Spanish pilgrimages generate tears of rage and hymns of joy
THERE are few pleasures — maybe only one— greater than reading about the privations of travellers from the comfort of an armchair. I derived just this kind of enjoyment from TheYearWe SeizedtheDay by Elizabeth Best and Colin Bowles (Allen & Unwin, $29.95), though very little else.
Two friends decide, without much enthusiasm, to do the demanding walk across the top of Spain to Santiago de Compostela, Europe’s most famous centre of pilgrimage. She is a one-book novice, he the 50-year-old author of many. She needs to prove herself after a serious illness. He hopes to purge his guilt over his wife’s suicide and get over a failed love affair.
So innocence and experience set out on the 800km journey, and keep diaries of their days. It soon becomes obvious that (a) Colin is no Hispanophile and (b) the proprieties are not for him. The churros (a kind of doughnut) he tries for breakfast are: ‘‘ Chewy, sweet, and sit in the stomach like shit on a shovel.’’
Elizabeth, too, has trouble coping, and soon collapses. Colin is as sensitive about her condition as he is about the food: ‘‘ Eli is seriously f---ed.’’ Only in the metaphorical sense. As they toil along the pilgrim tracks bent under their packs, Elizabeth comes to regard him as a father figure. But the last thing Colin wants is to be looked up to. It means he has to hide his own problems, which the walk only seems to exacerbate. He can’t stop thinking about the role his infidelities might have played in the suicide of his wife, and his love affair’s failure tears whatever is left of him apart.
So he gets grumpier and grumpier, while Elizabeth goes into an equivalent physical decline. Their feet and their egos are hurting, their patience is wearing thin, and when Colin loses it, it’s not a pretty sight: ‘‘ Across the table, his eyes grow wide, his face twists like a wrung-out rag, he arcs on his seat, his voice changes tone. Suddenly I know longer know the man.’’
One crisis follows another. Worst of all, the infection from Elizabeth’s blisters is spreading, and doctors give her dire warnings. The infection heads for the knee, and they for Santiago. The race is on.
They make it in time, and their reactions to the cathedral highlight their differences. Elizabeth, though not a believer, cannot help but genuflect and pray. Colin finds it the unholiest place he’s ever seen, and reaches for his trusty sledgehammer: ‘‘ with the possible exception of the Pussy Ping Pong Club in Bangkok’’.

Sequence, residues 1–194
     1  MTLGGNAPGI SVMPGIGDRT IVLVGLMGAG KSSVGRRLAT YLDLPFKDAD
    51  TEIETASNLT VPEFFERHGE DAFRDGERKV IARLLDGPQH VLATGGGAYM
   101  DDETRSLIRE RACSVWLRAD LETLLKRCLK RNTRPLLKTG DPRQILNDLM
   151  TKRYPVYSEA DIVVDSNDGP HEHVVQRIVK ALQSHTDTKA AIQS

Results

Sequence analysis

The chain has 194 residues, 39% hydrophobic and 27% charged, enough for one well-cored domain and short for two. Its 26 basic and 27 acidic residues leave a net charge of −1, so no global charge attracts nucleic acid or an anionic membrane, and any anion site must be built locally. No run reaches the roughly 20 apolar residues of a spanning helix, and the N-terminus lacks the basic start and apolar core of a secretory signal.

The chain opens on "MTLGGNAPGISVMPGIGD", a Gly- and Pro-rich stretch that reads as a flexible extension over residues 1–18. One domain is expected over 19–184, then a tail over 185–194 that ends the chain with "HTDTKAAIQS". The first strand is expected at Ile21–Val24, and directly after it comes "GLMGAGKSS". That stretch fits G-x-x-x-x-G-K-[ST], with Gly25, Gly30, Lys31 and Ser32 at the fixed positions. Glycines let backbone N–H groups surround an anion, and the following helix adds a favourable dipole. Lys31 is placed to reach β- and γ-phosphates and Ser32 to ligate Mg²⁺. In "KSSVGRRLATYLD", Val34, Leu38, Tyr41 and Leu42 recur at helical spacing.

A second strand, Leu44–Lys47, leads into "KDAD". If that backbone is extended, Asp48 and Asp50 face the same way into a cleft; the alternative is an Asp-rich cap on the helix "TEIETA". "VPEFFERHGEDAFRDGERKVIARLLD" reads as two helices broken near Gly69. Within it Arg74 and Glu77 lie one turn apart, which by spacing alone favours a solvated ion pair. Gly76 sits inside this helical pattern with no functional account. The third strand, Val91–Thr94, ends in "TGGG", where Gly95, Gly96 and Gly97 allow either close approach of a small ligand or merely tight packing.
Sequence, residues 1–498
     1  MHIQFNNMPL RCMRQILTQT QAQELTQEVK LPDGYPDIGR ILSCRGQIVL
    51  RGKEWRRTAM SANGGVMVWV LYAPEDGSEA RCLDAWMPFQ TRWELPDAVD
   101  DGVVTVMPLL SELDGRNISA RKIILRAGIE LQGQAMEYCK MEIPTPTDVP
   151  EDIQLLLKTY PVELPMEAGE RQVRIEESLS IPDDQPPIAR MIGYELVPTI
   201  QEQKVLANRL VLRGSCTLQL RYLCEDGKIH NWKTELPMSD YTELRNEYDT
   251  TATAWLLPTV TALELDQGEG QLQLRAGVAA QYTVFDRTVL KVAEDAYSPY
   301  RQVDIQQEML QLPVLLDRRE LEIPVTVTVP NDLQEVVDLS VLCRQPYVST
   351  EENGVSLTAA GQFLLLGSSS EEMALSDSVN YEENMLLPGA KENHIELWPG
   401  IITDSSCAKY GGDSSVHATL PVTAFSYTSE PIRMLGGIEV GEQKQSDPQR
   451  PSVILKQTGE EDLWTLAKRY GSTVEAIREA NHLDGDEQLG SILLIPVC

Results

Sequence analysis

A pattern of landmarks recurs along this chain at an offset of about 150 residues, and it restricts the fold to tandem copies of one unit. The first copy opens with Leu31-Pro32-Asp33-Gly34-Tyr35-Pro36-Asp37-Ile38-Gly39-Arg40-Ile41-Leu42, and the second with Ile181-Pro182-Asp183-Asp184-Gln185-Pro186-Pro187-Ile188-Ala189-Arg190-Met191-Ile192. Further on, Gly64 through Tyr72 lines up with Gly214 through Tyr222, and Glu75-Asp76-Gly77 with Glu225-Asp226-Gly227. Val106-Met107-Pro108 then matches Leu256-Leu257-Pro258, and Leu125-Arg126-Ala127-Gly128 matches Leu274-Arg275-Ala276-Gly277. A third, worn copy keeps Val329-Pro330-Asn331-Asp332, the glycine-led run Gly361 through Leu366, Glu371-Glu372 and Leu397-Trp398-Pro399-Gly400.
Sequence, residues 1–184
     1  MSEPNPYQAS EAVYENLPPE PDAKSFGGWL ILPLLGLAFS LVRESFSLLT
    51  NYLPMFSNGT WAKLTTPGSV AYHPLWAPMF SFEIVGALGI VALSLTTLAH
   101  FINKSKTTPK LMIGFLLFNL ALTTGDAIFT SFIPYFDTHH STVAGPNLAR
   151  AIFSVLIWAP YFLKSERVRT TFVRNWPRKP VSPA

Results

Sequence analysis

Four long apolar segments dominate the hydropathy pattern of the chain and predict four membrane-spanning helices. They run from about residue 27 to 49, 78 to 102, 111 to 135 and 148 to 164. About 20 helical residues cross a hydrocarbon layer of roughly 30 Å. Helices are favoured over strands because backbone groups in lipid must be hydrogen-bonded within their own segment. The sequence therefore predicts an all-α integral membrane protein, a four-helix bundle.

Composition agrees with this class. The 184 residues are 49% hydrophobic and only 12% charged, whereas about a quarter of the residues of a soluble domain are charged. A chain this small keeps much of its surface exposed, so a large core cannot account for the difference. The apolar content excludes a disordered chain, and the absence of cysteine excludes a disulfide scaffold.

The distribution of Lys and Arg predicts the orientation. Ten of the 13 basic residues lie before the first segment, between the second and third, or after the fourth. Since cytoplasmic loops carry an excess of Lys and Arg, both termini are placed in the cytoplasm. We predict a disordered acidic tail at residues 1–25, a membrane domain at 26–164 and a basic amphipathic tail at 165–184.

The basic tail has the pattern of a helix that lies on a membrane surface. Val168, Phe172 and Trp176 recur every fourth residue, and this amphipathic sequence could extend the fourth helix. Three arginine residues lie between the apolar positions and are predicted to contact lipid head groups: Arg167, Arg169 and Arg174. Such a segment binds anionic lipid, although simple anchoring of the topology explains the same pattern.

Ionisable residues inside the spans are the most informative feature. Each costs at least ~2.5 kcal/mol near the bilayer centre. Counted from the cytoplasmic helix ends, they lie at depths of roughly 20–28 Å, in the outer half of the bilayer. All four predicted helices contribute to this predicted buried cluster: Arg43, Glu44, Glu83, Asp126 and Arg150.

After the tensions of Best and Bowles, WalkingtheCamino by Tony Kevin (Scribe, $32.95) is like a cold Spanish beer. Never mind that he’s 63, overweight and his feet give him hell; he’s on a pilgrimage. Kevin, a retired diplomat and author of TheSinking oftheSiev-X (an investigation into the notorious asylum-seeker drownings), takes the less travelled trail from south to north; longer, but a lot more interesting.
Cities such as Cordoba and Salamanca fascinate him, especially their ‘‘ gracious and unstressed urbanity’’. They have people-centred streetscapes that Australian cities have long lost. The villages, newly prosperous thanks to Spain’s membership of the European Union, are similarly humane, evolving over centuries of convivencia (living together).
No one knows better than Kevin, a student of Hispanic history, that Spain hasn’t always been like that. There has been savagery as well as civility: the expulsion of the Moors, the Inquisition, the civil war, the national sport of bullfighting. ‘‘ What kind of men and women,’’ he wonders, ‘‘ could enjoy watching this?’’
He has another advantage over the feckless travellers who battled and bickered across the peninsula’s top. He’s a practising Catholic. The churches on his way are for prayer, not photography. As he pushes his protesting body onward, his demons are driven out: ‘‘ The doors into my soul started to open.’’ And there’s a slowly spreading sense of peace.
So his Santiago is a different place from the one in the Best and Bowles book, and it brings this gentle and thoughtful narrative to a powerful finale: ‘‘ Priests in red and white vestments began to gather before the altar, and then suddenly the grand cathedral organ rang out, filling our ears with rich, triumphant blocks of chords, and it was under way at last — our great Pilgrims’ Mass.’’ Kevin had come home.
If you’re brave or foolish enough to tackle the trip, WalkingtheCamino , as replete with travel tips as it is with wisdom, would be the perfect partner. Barry Oakley Barry Oakley is a former literary editor of TheAustralian.
Spanish steps: Along the Camino trail